Japanese Acupuncture and Moxibustion (Online)
Effect of acupuncture on Alzheimer's disease in hospitalization
- Focusing on behavioral psychological symptoms -
NAKAMURA Masamichi1）,KIKUCHI Tomokazu2）,YAMAGUCHI Satoru2）,
MARUKI Yuichi 3）,SAKAMOTO Ayumi 4）FUKUDA Fumihiko1）
1）Department of Clinical Acupuncture and Moxibustion, Meiji University of Integrative Medicine
2）Department of oriental Medicine, Saitama medical University
3）Saitama Neuropsychiatric Institute
4）Kuretake college of medical arts and sciences
[Objective]Acupuncture for patients with dementia definitely improves cognitive function in vascular dementia (VD) and young cases (mild), effects on Alzheimer's disease (AD), cognitive function in severe cases, activity of daily living, and behavioral and psychological symptoms of dementia (BPSD) are mostly uncertain. Accordingly, we report this research where acupuncture was provided for patients with AD requiring hospitalization in a medical institution, which imposes a great burden on patients with dementia, their families, and society, to study the effects of acupuncture on BPSD.
[Methods] Non-randomized controlled trial was performed by assigning patients to a group with usual treatment and care (usual treatment group, six cases) and a group treated with acupuncture in addition to the usual treatment and care (acupuncture group, six cases) to observe them separately. Acupuncture was administered about 15 times twice a week over two months. The treatment provided was San Jiao acupuncture (triple energizer acupuncture), which has been reported to be effective as acupuncture for dementia. The primary endpoint was the NPI-Brief Questionnaire Form (NPI-Q). The secondary endpoints were the ABC Dementia Scale and Mini-Mental State Examination (MMSE). These were assessed by the attending nurses at the initial treatment and two months later. the linear mixed model and the post-hoc test based on the Bonferroni correction were used to examine baseline results, main effect of changes from the baseline with time, and interactions.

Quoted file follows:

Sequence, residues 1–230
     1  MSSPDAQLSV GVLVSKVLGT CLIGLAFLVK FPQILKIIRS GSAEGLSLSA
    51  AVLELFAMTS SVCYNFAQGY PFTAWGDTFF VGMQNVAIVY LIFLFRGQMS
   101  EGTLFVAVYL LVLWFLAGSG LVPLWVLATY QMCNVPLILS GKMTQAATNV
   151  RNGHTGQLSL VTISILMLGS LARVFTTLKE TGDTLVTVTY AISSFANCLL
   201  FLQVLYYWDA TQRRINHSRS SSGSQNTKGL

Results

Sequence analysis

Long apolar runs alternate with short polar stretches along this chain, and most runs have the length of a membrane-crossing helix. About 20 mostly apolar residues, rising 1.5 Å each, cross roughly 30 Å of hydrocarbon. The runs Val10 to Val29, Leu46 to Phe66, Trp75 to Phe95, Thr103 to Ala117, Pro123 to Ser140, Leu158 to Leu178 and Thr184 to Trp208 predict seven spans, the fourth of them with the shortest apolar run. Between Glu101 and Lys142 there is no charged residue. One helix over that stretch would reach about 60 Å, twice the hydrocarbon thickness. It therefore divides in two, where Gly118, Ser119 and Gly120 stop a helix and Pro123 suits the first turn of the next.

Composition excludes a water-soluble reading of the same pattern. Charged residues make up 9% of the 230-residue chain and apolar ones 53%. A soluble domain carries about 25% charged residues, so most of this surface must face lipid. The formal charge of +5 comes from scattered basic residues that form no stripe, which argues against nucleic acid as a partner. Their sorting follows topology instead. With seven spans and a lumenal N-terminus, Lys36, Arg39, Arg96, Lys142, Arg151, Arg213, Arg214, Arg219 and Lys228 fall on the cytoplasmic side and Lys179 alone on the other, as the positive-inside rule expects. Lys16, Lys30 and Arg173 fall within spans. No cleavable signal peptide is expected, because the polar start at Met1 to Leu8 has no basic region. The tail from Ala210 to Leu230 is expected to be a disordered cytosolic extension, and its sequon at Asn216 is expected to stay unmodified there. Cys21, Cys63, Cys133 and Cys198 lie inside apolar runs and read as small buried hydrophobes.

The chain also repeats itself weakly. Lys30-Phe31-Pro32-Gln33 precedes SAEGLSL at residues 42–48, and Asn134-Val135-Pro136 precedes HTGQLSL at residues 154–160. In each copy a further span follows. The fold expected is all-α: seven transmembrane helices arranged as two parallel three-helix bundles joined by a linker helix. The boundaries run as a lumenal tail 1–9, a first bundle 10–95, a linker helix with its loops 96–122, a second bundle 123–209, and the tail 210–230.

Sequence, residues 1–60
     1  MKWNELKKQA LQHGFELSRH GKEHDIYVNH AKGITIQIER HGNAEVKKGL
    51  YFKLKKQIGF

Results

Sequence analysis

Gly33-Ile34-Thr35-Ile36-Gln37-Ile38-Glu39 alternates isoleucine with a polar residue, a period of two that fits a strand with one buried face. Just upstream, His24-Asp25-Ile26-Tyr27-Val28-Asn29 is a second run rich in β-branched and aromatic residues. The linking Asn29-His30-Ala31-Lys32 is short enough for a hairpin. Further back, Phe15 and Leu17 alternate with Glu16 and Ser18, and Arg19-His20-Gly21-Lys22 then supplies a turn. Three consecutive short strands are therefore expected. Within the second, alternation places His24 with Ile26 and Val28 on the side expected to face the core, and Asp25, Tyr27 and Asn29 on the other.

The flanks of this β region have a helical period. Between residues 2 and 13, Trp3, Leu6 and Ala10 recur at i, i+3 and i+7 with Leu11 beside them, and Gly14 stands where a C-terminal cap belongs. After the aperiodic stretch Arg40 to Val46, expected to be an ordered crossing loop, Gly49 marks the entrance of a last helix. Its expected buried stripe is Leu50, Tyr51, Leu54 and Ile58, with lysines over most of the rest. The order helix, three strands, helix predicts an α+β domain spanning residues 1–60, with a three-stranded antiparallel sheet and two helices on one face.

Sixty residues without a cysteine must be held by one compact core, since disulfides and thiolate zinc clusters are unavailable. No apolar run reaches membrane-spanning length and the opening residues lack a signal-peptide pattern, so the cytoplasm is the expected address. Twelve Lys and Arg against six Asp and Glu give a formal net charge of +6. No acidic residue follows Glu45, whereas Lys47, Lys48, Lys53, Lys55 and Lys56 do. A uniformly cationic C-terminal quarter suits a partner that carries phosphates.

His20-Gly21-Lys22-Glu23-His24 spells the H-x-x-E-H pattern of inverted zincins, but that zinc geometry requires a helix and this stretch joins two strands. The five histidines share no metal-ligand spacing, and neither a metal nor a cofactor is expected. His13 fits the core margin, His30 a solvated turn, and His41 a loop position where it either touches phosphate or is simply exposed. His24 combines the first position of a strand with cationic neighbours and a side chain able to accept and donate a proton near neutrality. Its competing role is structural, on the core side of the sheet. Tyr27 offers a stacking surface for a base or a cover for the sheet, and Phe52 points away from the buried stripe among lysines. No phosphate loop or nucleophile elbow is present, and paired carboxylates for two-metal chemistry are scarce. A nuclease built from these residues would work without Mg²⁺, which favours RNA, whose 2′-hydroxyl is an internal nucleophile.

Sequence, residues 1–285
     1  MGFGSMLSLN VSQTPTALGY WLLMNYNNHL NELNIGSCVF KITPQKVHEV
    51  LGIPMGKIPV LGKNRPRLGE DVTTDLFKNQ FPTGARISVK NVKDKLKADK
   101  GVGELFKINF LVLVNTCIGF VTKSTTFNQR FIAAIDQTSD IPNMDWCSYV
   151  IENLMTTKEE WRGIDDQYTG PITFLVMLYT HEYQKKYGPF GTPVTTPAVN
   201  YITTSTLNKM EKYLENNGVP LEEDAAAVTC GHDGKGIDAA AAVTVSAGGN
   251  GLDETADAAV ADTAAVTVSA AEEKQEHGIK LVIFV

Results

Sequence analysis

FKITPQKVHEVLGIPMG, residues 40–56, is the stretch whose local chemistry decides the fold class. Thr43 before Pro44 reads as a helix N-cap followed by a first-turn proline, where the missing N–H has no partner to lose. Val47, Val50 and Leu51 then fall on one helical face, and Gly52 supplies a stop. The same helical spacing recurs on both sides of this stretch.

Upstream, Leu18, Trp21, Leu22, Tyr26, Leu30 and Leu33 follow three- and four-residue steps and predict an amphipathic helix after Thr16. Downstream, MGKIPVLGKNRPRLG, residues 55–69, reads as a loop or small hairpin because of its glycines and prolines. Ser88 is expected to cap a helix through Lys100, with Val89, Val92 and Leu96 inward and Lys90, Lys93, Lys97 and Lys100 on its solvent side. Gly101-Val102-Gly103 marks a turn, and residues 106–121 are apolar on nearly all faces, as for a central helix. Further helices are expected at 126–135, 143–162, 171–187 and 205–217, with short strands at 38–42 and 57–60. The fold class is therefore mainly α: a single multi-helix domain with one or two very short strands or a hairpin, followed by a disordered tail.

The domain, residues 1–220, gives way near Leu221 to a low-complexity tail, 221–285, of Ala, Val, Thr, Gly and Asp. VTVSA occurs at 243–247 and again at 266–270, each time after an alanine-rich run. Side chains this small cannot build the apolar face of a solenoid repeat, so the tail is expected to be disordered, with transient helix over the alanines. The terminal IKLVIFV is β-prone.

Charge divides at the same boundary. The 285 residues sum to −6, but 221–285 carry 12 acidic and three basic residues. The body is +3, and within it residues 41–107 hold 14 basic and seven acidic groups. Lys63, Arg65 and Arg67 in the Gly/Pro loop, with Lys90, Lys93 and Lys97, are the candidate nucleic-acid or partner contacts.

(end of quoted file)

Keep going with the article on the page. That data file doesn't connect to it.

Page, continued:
[Results] Comprehensive assessment of severity (NPI-Q) noted no significant difference between the control group and the acupuncture group (interaction) (p = 0.75). A within-group comparison indicated significant improvement in the acupuncture group (p = 0.03). A comprehensive assessment of care burden (NPI-Q) noted no significant difference between the control group and the acupuncture groups (interaction) (p = 0.72). A within-group comparison indicated significant improvement in the acupuncture group (p = 0.04). Among NPI-Q, the psychological symptoms of excitation and depression had improvement or an improving trend in both severity and burden of care (severity: p = 0.04 and p = 0.04, respectively; burden of care: p = 0.03 and p = 0.09, respectively).
[Conclusion] It was presumed that needle stimulation or intervention by acupuncturists for AD patients stabilized the psychological aspects of mood and anxiety to alleviate any distress leading to a reduction in BPSD symptoms. In this study, suggesting that acupuncture treatment may be a nondrug therapy option depending on the status of onset of symptoms and severity.